"I try to buy organic. The environmental benefits of organic farming are important to me. I also believe that organic production makes economic sense for farmers," she writes. "I also shop at a small, independent grocery store where neither local or organic are reliably available because I fear what consolidation into a handful of big stores is doing to our distribution networks."
If the cost is a barrier to getting fresh foods, however, then remember–it's much more important that you eat your whole foods, regardless of how organic they are.
Get to know your farmers
Usually, grocery shopping looks like walking into a supermarket and grabbing things out of pre-labeled boxes. But if you want the best finds, you should consider seeking out farmers markets. Berens believes it's important to develop relationships with your nearby growers to experience and start to recognize the best produce. "If you love the food, you have to love the people who are making [it]. You have to understand at least what that work is."
The discussions with farmers can open up conversations about their growing practices, as well as new food discoveries. Berens has a few magic words she likes to employ to find out: "What are you excited about?"
"I don't always go to the farmers market to shop as my grocery store, but I go to be inspired and to learn what they're excited about," she says. She explains how one of her favorite recipes came to be. "I had never had a ground cherry until I went to a market and was talking with someone else…I just said, what are you excited about? And they were like, 'Oh my gosh, have you tried these ground cherries?' They peeled back the paper and gave it to me, and it was a totally new flavor. I was so excited to cook with it."
Once you get familiar with the farm-grown varieties of cherries, tomatoes, and squash, you'll be more equipped to walk into a supermarket and spot what looks good, develop a sense of how it will taste, and know what's worth buying.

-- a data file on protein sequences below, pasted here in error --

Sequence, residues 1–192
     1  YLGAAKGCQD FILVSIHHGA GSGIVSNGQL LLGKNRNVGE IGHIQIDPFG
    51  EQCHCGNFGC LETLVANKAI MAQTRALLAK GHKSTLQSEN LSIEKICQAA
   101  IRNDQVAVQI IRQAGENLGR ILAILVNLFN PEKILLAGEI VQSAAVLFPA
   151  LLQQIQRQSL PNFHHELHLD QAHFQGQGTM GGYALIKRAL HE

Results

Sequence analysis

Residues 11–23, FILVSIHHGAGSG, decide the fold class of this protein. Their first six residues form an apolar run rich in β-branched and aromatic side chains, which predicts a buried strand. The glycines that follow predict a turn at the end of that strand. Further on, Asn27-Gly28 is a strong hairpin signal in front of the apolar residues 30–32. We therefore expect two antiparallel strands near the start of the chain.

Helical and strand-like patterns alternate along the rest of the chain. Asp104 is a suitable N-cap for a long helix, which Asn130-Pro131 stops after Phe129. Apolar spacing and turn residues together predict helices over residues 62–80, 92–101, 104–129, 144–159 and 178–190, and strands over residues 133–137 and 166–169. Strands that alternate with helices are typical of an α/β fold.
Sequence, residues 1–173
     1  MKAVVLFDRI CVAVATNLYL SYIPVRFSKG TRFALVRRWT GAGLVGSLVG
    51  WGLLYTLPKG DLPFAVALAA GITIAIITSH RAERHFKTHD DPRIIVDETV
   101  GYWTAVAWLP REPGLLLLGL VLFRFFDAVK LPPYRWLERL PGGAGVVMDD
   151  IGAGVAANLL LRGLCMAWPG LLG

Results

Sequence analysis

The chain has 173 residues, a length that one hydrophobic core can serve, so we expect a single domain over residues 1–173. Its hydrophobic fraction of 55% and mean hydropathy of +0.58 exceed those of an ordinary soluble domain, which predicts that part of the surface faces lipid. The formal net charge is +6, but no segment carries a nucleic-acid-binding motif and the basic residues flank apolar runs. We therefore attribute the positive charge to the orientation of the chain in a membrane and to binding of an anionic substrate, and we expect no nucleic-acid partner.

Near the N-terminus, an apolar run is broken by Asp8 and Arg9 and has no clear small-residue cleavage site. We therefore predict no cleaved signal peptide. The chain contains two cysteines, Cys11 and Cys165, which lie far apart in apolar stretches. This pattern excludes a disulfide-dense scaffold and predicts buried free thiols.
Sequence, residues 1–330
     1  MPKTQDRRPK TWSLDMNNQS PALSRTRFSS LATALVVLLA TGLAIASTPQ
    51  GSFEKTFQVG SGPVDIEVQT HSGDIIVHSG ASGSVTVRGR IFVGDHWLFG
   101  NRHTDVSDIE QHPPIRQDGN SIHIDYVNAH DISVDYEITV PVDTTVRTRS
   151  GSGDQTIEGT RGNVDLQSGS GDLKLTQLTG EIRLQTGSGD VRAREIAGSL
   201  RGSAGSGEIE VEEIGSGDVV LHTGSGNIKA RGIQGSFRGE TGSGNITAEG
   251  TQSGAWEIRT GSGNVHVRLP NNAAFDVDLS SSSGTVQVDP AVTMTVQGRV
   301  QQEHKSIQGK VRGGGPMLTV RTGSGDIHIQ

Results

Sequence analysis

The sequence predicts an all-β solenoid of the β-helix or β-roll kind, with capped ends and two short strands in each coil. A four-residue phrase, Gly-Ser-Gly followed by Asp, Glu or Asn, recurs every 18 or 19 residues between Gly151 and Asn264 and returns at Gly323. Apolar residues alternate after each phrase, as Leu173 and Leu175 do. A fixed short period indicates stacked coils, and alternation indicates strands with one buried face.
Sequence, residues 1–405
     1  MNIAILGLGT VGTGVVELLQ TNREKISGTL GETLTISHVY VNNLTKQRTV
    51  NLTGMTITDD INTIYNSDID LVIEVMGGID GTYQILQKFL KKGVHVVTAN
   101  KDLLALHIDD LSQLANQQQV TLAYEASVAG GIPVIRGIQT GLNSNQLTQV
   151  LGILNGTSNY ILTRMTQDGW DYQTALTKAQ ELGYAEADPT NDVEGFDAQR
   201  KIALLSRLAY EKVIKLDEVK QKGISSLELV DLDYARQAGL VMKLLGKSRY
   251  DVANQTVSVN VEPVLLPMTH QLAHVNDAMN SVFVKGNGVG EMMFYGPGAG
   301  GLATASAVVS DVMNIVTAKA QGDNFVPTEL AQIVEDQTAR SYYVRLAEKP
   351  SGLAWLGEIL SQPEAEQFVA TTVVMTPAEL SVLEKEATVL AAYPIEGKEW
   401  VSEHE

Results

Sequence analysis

Get more bang for your buck
Ultimately, bringing home the best can get pricey. With few exceptions, the grocery stores that carry the highest quality produce also tend to cost more. However, there are ways you can get a better deal on delicious items. Opting for more frequent grocery trips allows you to snatch up the foods that stores need to get rid of while they're still fresh. Just make sure you're going to get to it in time. (Bonus: this helps everyone cut down on food waste.)
"Places like Trader Joe's and [other stores] are salvaging stuff and getting it out…I would go at least once or twice a week, with the idea that I'm going to eat it in the next couple of days," Berens notes. "I want that food to be eaten. I don't want it to go into a landfill."
Of course, if you do sink the money into an antioxidant-full package of berries or a bag of omega-3-rich avocados, you want to be intentional about using them before they spoil, so you avoid throwing those dollars into the trash.
Berens says that the freezer is her number one way to avoid wasting tasty treasures: "You buy a pint of blueberries, you get down to the last inch in the bottom, and they're wrinkly. Most people just throw those out. When you first notice that little bit of wrinkle, pop them in the freezer, and then you've done it. You can freeze most things and use it in something else."
You probably don't want to cook with thawed fruits or vegetables the same way as you would with fresh, since the texture is altered from the freezer–but the flavors can still be used to make something delectable. She recommends throwing frozen produce into stews and frozen fruit into baked foods to make sure you're getting the most out of your goods.